ABU DHABI - Britain and the United Arab Emirates agreed on a defence partnership and to boost the British military presence in the Gulf state, they said as Prime Minister David Cameron ended a two-day visit Tuesday.
In a joint statement, the two countries said that they would "work together to deepen our defence ties" for the "security of the UAE and wider Gulf region".
They agreed to "establish an industrial defence partnership that involves close collaboration around Typhoon (fighter jets) and a number of new technologies," it added.
The two sides also agreed to increase joint military and training exercises and invest "in the British military presence in the UAE," without giving any details on what that might entail.
The announcement came after Cameron held talks with UAE President Sheikh Khalifa bin Zayed al-Nahayan aimed at boosting economic ties, specifically in the defence industry, the official WAM news agency reported.
Cameron's office said the prime minister was to accompany senior Emirati officials on an inspection of RAF Typhoons stationed at a UAE airbase as part of a training exercise.
The United Arab Emirates had shown an interest in ordering up to 60 Typhoon Eurofighters to replace their ageing French Mirages, according to the statement.Cameron was expected to use the trip to push Britain's defence industry and to have a dialogue about human rights, an issue he has come under fire for at home.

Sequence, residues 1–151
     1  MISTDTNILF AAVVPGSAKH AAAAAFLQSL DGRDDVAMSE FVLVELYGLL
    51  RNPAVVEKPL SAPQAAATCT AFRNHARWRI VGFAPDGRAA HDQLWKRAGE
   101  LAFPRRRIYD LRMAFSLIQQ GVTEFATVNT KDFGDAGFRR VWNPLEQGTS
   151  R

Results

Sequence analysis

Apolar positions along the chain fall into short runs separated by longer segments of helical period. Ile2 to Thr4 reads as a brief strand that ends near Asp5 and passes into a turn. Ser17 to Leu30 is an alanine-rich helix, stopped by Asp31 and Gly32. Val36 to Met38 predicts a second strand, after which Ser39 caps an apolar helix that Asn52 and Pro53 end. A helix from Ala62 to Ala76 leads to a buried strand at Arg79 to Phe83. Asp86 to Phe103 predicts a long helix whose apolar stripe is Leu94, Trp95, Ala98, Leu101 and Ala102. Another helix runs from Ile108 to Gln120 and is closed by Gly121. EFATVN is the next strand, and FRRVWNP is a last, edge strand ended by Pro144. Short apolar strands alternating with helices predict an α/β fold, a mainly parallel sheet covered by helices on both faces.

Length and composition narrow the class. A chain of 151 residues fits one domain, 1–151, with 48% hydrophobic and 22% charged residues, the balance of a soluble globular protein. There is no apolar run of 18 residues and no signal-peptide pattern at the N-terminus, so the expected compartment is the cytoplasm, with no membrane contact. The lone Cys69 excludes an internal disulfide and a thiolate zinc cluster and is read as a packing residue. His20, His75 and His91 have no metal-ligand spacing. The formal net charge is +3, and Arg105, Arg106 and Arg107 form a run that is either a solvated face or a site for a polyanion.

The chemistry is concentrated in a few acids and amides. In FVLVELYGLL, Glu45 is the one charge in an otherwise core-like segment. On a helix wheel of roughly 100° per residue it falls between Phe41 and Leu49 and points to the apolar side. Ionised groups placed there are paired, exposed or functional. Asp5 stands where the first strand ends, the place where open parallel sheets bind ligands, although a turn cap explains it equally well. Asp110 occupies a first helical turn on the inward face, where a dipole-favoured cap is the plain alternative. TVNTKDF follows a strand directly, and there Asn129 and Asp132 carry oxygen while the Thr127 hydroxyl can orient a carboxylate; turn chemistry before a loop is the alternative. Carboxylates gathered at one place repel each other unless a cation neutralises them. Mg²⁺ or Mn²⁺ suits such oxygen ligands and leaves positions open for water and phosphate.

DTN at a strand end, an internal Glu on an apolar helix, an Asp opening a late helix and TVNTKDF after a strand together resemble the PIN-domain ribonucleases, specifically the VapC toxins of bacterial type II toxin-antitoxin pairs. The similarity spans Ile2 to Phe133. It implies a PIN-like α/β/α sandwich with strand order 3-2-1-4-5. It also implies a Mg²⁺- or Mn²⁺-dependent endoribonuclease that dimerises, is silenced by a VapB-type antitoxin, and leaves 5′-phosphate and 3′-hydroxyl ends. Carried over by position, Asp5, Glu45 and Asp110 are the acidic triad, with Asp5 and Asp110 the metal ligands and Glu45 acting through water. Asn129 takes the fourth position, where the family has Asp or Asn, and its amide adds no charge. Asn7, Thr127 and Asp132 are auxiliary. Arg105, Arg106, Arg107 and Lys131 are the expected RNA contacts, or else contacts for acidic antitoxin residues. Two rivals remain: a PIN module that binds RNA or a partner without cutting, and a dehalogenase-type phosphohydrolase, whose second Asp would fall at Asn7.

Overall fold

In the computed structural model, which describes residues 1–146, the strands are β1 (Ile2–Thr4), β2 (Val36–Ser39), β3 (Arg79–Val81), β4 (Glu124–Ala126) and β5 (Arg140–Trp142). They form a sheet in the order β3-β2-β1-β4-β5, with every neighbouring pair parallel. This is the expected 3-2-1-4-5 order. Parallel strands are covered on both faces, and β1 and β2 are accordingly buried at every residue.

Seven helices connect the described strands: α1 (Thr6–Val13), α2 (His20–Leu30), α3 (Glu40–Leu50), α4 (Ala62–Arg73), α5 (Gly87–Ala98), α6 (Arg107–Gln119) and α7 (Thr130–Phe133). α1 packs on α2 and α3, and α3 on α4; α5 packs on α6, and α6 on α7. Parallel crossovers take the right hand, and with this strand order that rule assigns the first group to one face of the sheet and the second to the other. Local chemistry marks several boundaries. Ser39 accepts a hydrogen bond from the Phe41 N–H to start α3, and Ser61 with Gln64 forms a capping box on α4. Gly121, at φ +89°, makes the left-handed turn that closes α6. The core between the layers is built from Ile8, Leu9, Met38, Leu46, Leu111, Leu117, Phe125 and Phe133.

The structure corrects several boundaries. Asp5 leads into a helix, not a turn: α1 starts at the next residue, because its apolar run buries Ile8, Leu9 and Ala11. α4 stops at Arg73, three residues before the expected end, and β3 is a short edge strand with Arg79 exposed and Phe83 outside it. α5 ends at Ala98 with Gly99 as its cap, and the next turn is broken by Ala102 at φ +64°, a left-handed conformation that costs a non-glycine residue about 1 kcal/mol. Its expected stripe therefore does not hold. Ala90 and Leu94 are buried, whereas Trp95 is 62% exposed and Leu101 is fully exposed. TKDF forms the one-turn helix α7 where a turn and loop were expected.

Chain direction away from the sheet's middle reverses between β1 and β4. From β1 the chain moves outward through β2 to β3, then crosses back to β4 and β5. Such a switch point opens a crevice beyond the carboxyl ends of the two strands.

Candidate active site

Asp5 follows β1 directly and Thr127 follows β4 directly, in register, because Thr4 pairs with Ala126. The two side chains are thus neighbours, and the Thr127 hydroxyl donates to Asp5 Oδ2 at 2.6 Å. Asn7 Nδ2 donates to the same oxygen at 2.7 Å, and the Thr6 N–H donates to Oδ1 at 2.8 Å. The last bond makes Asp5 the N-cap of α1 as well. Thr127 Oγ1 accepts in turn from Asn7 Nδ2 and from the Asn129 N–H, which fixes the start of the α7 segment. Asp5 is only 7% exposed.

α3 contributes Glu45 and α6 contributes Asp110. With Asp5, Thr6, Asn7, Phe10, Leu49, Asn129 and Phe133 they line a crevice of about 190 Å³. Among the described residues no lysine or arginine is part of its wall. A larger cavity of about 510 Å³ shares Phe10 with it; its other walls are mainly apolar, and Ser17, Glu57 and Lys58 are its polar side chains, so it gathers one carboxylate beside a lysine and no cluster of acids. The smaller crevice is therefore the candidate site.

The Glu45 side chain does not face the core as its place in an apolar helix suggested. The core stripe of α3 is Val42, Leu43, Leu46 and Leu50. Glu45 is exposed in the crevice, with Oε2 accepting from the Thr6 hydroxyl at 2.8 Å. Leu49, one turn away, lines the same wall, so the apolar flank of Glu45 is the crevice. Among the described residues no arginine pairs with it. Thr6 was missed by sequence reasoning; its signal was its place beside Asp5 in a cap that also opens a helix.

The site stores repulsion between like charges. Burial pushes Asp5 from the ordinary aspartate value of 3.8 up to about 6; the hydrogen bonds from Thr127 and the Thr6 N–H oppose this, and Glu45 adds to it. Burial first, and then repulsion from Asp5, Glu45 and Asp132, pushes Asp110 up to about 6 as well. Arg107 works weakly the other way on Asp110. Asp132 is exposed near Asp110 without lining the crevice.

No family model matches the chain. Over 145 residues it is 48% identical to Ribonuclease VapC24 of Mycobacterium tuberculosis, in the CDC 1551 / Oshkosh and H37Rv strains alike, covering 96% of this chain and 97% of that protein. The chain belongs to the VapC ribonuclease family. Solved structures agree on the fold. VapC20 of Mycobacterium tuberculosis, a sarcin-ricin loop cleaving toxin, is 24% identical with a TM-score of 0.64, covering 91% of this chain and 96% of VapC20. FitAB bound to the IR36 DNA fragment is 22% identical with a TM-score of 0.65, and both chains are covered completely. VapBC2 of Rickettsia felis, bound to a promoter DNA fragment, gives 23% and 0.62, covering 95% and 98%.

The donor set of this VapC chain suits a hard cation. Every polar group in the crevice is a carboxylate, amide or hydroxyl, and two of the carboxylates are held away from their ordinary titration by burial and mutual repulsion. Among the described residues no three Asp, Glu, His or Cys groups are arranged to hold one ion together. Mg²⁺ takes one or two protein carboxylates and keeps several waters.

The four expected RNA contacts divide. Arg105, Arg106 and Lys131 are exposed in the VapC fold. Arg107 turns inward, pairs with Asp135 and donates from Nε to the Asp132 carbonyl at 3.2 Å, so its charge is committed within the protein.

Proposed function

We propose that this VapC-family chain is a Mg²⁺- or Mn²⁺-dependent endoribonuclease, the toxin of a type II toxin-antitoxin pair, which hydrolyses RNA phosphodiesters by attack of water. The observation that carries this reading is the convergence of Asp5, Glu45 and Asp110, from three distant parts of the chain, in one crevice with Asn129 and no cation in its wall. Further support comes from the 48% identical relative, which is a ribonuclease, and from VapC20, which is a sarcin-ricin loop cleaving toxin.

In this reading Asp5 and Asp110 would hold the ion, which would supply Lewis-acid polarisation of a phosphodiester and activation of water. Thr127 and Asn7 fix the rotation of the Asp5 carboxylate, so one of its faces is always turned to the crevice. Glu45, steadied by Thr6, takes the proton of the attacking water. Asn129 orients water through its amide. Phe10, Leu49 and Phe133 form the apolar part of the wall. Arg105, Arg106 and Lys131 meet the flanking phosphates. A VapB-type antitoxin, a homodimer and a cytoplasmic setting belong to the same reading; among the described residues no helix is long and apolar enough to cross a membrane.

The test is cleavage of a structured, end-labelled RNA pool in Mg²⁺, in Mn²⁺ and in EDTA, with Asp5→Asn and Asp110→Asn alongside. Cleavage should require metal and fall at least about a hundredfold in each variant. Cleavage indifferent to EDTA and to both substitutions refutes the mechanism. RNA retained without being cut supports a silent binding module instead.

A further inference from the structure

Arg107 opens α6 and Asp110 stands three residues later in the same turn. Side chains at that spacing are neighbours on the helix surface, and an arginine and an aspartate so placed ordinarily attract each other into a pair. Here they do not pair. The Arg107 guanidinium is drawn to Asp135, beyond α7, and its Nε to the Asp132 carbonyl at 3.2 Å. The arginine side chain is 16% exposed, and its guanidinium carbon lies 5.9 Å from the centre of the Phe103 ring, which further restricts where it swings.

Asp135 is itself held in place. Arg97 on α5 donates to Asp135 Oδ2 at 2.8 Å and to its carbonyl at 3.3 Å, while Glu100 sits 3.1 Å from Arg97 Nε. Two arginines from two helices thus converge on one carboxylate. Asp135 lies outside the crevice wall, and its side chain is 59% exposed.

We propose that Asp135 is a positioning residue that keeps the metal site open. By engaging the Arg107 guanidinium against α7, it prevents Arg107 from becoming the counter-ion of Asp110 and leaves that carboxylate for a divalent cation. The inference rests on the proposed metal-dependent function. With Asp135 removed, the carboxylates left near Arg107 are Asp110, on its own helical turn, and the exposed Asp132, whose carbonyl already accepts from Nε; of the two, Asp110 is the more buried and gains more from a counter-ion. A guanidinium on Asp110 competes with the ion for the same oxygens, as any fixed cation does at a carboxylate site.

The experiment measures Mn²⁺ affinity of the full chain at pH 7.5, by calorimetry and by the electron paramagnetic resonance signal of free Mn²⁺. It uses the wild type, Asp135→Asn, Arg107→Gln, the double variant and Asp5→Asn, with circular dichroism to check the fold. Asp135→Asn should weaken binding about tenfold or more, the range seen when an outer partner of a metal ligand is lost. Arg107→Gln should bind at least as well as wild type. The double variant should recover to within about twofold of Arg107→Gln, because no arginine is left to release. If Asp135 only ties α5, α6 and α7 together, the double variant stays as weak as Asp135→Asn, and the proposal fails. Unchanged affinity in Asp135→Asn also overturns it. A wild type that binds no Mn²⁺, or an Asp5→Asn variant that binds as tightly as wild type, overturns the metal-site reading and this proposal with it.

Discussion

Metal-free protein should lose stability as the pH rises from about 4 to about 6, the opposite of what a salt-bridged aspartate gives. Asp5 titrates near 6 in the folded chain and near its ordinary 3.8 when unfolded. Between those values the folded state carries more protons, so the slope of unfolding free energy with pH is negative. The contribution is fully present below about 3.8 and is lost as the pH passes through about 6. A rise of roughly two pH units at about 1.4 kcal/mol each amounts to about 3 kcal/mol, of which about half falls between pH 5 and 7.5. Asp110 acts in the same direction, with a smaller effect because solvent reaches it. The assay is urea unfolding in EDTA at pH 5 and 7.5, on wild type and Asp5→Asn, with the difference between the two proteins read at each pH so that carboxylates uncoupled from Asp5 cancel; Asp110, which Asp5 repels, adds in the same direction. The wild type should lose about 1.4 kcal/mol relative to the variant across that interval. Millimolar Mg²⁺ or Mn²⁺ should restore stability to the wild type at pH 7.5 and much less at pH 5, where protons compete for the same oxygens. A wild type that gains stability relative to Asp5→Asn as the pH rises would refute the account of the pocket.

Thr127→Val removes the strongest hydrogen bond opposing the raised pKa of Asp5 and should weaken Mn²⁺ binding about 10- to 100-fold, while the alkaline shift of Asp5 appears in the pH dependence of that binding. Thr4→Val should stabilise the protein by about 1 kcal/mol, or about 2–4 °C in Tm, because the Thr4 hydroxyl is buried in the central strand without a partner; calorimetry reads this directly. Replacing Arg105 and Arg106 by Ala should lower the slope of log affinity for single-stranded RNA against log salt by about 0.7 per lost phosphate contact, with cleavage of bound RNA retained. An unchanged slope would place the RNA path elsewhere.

In an interview with the BBC on Tuesday, Cameron said human rights issues were on the agenda in the talks but that the differences between countries should be noted.
"I'm a believer in the growth of democracy and human rights but we should recognise that all countries are different. They have different pathways, different histories, different cultures," he said.
"And we should recognise in many of our strong Gulf partners, for instance in Kuwait you have a Kuwaiti parliament, you have the growth of building blocks of open societies and democracies and that's the case in the United Arab Emirates as well."
He also defended doing military deals with Gulf states.
"(The UAE) stood with us and fought with us in the Libya campaign to help bring freedom to that country from the tyranny of Colonel (Moamer) Gathafi," Cameron told the BBC.
"Every country in the world in my view has a right to self defence. But you cannot expect every country in the world to produce every tank, every ship, every plane that is necessary for that self-defence."
"I make absolutely no apologies for the fact that I am here talking to our friends in the Emirates, our friends in Saudi Arabia about defence partnerships because their security is important for our security, and this is vital for British jobs."
He is expected in Saudi Arabia later Tuesday before travelling onwards in the Middle East. His itinerary for the rest of the trip remains undisclosed for security reasons.